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THE COMIC ENGLISH GRAMMAR.

PART II.

ETYMOLOGY.

CHAPTER I.

A COMICAL VIEW OF THE PARTS OF SPEECH.

Etymology teaches the varieties, modifications, and derivation of words.

The derivation of words means that which they come from as words for what they come from as sounds, is another matter. Some words come from the heart, and then they are pathetic; others from the nose, in which case they are ludicrous. The funniest place, however, from which words can come is the stomach. By the way, the Mayor would do well to keep a ventriloquist, from whom, at a moment's notice, he might ascertain the voice of the corporation.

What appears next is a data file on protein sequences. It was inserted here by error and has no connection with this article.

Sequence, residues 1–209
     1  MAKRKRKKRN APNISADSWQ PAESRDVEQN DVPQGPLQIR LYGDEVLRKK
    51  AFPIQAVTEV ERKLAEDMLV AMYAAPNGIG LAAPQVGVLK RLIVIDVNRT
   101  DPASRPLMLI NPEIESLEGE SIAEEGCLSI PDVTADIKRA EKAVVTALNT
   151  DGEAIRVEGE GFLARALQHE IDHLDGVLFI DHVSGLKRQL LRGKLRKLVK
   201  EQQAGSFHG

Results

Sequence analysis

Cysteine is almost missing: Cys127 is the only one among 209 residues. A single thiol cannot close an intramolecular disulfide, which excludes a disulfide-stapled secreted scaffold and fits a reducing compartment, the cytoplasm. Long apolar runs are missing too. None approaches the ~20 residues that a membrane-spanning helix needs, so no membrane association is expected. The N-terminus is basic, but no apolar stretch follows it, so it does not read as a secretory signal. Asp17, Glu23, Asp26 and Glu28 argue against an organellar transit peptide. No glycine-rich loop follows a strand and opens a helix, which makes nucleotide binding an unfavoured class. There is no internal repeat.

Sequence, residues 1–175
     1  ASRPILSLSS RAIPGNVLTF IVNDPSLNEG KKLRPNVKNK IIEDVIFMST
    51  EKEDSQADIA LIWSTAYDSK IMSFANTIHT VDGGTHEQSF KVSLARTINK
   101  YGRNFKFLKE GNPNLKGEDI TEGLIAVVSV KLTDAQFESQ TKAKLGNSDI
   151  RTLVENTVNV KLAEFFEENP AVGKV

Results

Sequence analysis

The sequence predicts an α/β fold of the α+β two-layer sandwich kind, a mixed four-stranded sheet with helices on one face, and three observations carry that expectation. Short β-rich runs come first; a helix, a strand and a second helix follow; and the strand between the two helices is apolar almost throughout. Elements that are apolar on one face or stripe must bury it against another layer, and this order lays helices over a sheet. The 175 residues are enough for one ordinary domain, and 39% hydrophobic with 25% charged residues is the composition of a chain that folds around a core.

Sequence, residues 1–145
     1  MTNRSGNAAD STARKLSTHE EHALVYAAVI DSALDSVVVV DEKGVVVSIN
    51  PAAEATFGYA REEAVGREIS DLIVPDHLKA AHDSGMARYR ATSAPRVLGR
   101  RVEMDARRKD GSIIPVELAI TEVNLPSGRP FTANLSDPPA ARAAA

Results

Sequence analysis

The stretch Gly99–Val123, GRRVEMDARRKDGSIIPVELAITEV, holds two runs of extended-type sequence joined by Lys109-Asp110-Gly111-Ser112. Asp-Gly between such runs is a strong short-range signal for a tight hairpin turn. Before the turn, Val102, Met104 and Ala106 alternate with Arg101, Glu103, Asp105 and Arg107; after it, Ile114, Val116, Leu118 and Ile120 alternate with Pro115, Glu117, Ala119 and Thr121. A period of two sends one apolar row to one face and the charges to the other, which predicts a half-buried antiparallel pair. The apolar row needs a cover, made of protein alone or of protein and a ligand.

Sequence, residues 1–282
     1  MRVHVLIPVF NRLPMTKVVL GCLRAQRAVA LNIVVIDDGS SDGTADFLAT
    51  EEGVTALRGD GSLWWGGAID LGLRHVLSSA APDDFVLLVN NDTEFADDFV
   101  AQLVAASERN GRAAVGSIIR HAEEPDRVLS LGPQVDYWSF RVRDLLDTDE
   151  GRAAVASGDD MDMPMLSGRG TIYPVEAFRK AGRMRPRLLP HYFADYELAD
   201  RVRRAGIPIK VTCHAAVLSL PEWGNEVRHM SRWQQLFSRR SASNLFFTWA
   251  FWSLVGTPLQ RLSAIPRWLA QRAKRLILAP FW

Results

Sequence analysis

Comic Etymology teaches us the varieties, modifications, and derivation, of words invested with a comic character.

Grammatically speaking, we say that there are, in English, as many sorts of words as a cat is said to have lives, nine; namely, the Article, the Substantive or Noun, the Adjective, the Pronoun, the Verb, the Adverb, the Preposition, the Conjunction, and the Interjection.

Comically speaking, there are a great many sorts of words which we have not room enough to particularise individually. We can therefore only afford to classify them. For instance; there are words which are spoken